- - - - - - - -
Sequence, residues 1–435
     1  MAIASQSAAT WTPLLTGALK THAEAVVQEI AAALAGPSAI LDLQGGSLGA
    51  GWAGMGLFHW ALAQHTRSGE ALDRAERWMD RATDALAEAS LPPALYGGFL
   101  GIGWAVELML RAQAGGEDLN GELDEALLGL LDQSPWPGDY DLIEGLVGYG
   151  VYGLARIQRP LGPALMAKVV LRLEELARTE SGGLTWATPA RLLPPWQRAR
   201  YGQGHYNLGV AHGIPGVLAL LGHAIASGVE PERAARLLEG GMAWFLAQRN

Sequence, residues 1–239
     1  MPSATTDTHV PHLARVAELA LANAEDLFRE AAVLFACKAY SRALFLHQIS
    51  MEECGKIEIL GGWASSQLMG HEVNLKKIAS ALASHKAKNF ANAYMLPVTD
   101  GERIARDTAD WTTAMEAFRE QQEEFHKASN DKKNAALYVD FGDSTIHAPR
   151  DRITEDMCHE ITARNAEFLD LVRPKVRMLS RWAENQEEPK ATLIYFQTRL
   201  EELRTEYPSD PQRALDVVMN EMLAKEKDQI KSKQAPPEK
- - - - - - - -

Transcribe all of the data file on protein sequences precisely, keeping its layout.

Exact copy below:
Sequence, residues 1–435
     1  MAIASQSAAT WTPLLTGALK THAEAVVQEI AAALAGPSAI LDLQGGSLGA
    51  GWAGMGLFHW ALAQHTRSGE ALDRAERWMD RATDALAEAS LPPALYGGFL
   101  GIGWAVELML RAQAGGEDLN GELDEALLGL LDQSPWPGDY DLIEGLVGYG
   151  VYGLARIQRP LGPALMAKVV LRLEELARTE SGGLTWATPA RLLPPWQRAR
   201  YGQGHYNLGV AHGIPGVLAL LGHAIASGVE PERAARLLEG GMAWFLAQRN

Sequence, residues 1–239
     1  MPSATTDTHV PHLARVAELA LANAEDLFRE AAVLFACKAY SRALFLHQIS
    51  MEECGKIEIL GGWASSQLMG HEVNLKKIAS ALASHKAKNF ANAYMLPVTD
   101  GERIARDTAD WTTAMEAFRE QQEEFHKASN DKKNAALYVD FGDSTIHAPR
   151  DRITEDMCHE ITARNAEFLD LVRPKVRMLS RWAENQEEPK ATLIYFQTRL
   201  EELRTEYPSD PQRALDVVMN EMLAKEKDQI KSKQAPPEK